Geriatric Unit, Fondazione IRCCS Ca' Granda Ospedale Maggiore Policlinico, University of Milan, Via Pace 9, 20122, Milan, Italy.

Frailty has been indicated as a way for capturing biological aging of the individual and Frailty Index (FI) may serve for this purpose. This study designed the FI in a cohort of centenarians, their offspring and control subjects sex- and age-matched with offspring. The FI mean value was 0.47 (SD 0.13) in centenarians, 0.15 (SD 0.12) in their offspring, and 0.22 (SD 0.14) in controls (p < 0.001). The difference between offspring and controls was statistically significant (p = 0.003). The correlation between FI and age was significant in offspring (r = 0.46, p < 0.001), close to significance in controls (r = 0.25, p = 0.08) and not significant in centenarians. Our study confirms that FI is a marker of biological age useful to discriminate different degrees of frailty even at extremely advanced age.
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http://dx.doi.org/10.1007/s40520-019-01283-7DOI Listing
November 2019

Gut microbiota and physical frailty through the mediation of sarcopenia.

Exp Gerontol 2019 09 18;124:110639. Epub 2019 Jun 18.

Geriatric Unit, Fondazione IRCCS Ca' Granda, Ospedale Maggiore Policlinico, Via Pace 9, 20122 Milan, Italy; Department of Clinical Sciences and Community Health, University of Milan, Via Pace 9, 20122 Milan, Italy. Electronic address:

The changing physiology and lifestyle of older people affect the gut microbiota composition. In particular, the age-related diet modifications can alter the gut microbiota biodiversity and determine the relative abundance of specific microbial taxa, resulting in microbiota dysbiosis with negative consequences for the host physiology. Unhealthy microbiota may then induce an acceleration of the age-related physiological changes, consequently concurring at determining the characteristic complexity of frail older persons. One of the major clinical manifestations of frailty is represented by the individual's physical decline. Besides of a well-established clinical phenotype of frailty, the qualitative and quantitative skeletal muscle impairment (i.e., sarcopenia) is today of particular interest for potentially serving as target for (pharmacological and non-pharmacological) interventions to prevent incident disability. Evidence suggests that gut microbiota is able to influence the skeletal muscle homeostasis via microbiota-dependent metabolites, thus representing the possible biological substratum for the sarcopenia onset. In fact, the rearrangements of gut microbiota as well as the alteration of its functions contribute at increasing the anabolic resistance, releasing pro-inflammatory mediators, determining mitochondrial abnormalities with consequent oxidation, and causing insulin resistance. In this article, the link between gut microbiota and physical frailty is discussed. It is especially explained the role that sarcopenia may play in this likely bidirectional relationship.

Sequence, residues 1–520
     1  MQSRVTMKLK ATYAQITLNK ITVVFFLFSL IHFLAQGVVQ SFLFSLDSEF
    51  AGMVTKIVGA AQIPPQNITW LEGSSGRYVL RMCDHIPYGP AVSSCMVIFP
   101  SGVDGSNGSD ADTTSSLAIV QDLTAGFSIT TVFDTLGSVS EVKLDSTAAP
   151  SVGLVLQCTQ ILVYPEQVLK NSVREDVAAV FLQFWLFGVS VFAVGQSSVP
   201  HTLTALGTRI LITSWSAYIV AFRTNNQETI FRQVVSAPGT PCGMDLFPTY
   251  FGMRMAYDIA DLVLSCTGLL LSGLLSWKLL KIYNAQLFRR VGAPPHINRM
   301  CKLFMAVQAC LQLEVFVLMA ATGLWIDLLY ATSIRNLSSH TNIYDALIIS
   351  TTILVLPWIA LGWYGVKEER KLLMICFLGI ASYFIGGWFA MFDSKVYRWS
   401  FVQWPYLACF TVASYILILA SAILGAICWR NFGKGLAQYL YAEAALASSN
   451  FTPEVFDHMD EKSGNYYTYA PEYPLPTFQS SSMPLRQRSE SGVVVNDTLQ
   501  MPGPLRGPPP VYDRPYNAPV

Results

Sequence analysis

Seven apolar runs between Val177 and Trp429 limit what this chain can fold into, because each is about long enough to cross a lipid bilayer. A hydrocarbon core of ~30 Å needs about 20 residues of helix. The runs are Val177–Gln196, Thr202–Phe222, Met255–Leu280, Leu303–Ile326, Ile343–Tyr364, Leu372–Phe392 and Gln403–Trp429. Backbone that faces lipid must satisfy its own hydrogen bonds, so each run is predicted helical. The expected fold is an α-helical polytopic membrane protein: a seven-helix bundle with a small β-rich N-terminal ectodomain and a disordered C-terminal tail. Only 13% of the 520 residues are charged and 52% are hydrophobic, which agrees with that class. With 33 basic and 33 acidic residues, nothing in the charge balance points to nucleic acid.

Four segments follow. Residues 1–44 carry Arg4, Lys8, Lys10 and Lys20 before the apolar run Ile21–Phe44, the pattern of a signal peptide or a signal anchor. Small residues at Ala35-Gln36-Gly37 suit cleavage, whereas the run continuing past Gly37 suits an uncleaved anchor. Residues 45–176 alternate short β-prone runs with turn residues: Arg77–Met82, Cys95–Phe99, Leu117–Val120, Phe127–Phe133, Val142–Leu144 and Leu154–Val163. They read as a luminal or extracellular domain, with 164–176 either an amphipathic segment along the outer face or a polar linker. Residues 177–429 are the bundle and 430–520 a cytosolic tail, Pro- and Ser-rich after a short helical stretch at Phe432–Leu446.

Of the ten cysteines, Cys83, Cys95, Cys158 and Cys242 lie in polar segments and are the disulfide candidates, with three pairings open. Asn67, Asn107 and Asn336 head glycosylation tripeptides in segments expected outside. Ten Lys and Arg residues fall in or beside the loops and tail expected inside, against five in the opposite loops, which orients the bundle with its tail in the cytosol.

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http://dx.doi.org/10.1016/j.exger.2019.110639DOI Listing
September 2019

Vitamin E and Alzheimer's disease: the mediating role of cellular aging.

Aging Clin Exp Res 2020 Mar 3;32(3):459-464. Epub 2019 May 3.

Geriatric Unit, Fondazione Ca' Granda, IRCCS Ospedale Maggiore Policlinico, Via Pace 9, 20122, Milan, Italy.

Background: Vitamin E represents a potent antioxidant and anti-inflammatory system, playing a role in Alzheimer's disease (AD). Different plasma concentrations of the forms of vitamin E are observed in AD compared to cognitively healthy subjects.